where the writers are
To Hell and Back: Adventures in Writing

Pounding out a novel at 1667 words per day is hell.

Later, I will be ecstatic that I did it. I will tell you that it changed my life, that I felt like a real writer (and who ever feels like that?), that the writing was better than I thought, that having a first draft of whatever level of worthiness is so much better than having nothing. Do not listen to me. I am a fiction writer; my business is lying in the service of creating truths that are better than the truth we have to live with now.

Sitting down after a day that began at 5 a.m., proceeded through turkey watching, diaper changing, breakfast -making, -consuming, -floor decorating, cleaning enough so that the babysitter will not be appalled, creating curriculum, responding to email, dealing with contracts and bills and house business, negotiating my relationship and lunch (usually at the same time), getting the nap to take, crawling out of a bed I would rather stay sleeping in, in order that I may continue with the previously mentioned work, detailed on a long list that keeps getting longer, making snacks, changing more diapers, cleaning up more (with noticeably little consequence), getting to the park to wear out rambunctious children so that after dinner, bath, story time and songs, they will fall asleep, so I can once again crawl out of a bed in which I and my tired body would so much rather stay and sleep . . . sitting down then to reenter the world of my novel, to conjure plot and setting, to challenge my character and entertain my (imaginary) readers and, ideally, myself (the most curmudgeonly reader of all at this particular moment), is HELL.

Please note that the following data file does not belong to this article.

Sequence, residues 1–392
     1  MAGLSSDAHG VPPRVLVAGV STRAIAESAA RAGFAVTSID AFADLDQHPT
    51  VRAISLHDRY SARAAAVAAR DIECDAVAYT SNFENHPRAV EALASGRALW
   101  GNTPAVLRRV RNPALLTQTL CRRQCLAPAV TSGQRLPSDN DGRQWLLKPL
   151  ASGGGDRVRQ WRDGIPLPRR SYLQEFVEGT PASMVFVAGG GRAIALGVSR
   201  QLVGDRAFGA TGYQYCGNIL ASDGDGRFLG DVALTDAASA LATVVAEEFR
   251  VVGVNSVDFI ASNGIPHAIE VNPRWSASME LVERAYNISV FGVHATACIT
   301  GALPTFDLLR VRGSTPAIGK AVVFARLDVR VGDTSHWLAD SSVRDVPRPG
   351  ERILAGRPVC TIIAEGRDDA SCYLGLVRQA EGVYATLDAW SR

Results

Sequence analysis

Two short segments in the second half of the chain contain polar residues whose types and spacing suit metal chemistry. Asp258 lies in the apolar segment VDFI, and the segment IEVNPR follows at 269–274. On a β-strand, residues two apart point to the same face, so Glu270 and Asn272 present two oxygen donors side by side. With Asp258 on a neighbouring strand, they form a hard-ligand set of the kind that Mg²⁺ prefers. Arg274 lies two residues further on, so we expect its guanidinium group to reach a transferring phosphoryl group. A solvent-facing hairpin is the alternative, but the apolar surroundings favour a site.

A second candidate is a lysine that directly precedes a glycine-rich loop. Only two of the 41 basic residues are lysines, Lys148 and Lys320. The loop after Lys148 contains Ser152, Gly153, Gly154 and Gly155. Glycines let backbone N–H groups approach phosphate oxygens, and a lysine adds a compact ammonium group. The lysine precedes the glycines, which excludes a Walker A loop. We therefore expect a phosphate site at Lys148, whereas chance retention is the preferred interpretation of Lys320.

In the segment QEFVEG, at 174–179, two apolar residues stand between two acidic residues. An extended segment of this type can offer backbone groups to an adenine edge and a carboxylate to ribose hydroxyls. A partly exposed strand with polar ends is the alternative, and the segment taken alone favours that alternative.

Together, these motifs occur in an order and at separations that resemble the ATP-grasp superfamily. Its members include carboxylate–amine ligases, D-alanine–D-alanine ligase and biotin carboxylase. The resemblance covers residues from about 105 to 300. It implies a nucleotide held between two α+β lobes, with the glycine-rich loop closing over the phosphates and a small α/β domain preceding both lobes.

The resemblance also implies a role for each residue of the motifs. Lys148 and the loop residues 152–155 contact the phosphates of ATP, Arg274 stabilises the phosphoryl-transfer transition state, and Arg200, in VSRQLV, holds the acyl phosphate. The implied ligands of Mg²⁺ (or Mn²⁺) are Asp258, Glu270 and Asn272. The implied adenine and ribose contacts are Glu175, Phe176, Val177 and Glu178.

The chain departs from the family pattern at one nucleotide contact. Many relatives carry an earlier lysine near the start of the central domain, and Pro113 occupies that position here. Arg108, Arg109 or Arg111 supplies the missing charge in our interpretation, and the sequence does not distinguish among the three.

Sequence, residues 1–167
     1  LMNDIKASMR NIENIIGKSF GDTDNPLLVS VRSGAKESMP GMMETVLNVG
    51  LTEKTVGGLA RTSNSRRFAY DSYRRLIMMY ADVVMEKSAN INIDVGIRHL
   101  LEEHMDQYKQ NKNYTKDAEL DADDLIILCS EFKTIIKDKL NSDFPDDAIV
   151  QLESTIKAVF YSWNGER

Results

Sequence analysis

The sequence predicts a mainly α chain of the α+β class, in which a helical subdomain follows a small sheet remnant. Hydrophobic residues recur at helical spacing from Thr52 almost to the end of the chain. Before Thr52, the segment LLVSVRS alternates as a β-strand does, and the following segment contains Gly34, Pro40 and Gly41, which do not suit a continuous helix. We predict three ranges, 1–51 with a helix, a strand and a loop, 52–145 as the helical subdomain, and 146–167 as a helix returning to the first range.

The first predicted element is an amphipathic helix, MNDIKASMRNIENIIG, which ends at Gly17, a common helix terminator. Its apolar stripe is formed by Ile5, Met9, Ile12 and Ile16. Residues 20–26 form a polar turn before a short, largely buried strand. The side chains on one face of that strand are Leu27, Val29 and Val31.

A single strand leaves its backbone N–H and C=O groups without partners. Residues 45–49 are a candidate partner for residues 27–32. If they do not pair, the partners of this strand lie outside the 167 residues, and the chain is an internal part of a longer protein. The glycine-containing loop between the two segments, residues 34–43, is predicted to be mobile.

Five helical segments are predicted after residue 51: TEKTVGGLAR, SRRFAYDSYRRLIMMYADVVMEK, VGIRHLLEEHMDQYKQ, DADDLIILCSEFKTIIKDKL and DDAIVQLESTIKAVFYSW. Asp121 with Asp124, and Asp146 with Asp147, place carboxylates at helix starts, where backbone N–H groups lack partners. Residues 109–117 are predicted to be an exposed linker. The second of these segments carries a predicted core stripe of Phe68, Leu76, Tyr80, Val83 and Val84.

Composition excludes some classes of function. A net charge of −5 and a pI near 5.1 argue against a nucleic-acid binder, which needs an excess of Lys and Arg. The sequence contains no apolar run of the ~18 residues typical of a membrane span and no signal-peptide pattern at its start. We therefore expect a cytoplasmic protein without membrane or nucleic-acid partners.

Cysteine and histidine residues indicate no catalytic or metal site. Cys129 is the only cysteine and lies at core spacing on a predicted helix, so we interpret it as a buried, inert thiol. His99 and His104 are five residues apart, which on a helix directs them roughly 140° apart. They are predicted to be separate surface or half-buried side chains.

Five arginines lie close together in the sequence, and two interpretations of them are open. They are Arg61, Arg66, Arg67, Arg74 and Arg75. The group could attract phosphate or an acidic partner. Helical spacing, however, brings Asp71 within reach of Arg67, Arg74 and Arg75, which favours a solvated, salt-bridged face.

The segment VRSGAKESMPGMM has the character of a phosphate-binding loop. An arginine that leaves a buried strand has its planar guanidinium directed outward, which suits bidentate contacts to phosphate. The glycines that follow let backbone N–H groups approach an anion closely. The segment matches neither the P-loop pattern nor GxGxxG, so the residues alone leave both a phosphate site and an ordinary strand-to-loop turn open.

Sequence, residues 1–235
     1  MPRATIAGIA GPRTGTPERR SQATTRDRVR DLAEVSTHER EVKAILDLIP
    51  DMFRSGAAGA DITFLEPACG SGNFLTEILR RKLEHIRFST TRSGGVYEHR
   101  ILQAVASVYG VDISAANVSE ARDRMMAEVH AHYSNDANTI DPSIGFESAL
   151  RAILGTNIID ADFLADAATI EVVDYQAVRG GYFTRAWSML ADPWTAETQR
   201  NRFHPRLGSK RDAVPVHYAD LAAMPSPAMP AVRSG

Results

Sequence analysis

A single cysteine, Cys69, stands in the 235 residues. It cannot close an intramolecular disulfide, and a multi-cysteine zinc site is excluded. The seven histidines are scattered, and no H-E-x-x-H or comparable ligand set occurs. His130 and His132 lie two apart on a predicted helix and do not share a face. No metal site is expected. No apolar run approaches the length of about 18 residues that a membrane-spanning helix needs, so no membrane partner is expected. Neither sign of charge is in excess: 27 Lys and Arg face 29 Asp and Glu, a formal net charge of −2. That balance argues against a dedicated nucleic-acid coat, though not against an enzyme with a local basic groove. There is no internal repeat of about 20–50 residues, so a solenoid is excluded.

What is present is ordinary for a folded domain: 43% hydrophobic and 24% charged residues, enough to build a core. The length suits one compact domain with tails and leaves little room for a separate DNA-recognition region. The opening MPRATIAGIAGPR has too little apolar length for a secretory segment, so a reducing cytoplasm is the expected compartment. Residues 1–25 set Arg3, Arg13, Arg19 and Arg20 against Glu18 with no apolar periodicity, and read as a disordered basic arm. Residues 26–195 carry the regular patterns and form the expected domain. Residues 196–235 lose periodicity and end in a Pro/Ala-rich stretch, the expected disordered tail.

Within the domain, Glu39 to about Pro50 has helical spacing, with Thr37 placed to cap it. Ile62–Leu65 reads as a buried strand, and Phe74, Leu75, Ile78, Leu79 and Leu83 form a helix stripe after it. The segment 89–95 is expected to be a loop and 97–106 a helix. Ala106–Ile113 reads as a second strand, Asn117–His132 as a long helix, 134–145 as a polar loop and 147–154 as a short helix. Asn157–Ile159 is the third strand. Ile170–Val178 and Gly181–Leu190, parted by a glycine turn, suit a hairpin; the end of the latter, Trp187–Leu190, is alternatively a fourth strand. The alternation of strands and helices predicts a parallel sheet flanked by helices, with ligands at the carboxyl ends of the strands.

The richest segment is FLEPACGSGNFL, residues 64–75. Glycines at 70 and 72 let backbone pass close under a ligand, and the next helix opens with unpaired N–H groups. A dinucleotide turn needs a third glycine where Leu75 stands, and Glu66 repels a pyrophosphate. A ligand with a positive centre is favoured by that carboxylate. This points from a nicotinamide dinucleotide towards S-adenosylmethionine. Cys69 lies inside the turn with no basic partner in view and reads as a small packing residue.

I don’t like to say this to my students or my clients, but let’s face it: a lot of writers commit suicide. Would it be dark to suggest that while the tools of writing are generally similar across type and time, the tools of suicide are both varied and creative, at least among writers, and might be more fruitfully studied in master’s programs?

I am sensing that the humor I feel in writing this might not come across on the page.

The truth is (ah, be warned): usually, by about mid-way into my writing session, I have gathered my faith again, rallied my exhausted moral, gotten caught up in the miracle that there is this story emerging, like a small piece of twine I am pulling out of my belly-button.

And I sent emails to my aunt and uncle and mother, by way of doing research, asking them about Los Angeles in the 1950s, and am getting back the most wonderful, rich descriptions. I also live with a historian, it turns out, someone who can imagine a world we’ve never lived in, touched or seen in detail. I suppose I am a literalist. While my best characters are imaginary–inspired by a feeling or reflection perhaps about someone but not in any other way that actual person–my best stories are not, or not entirely. My characters tend, as do I, to think more than they act, to think about acting more than they act, and also to think about everything more than they act. They imagine acting, but then they chicken out at the last minute.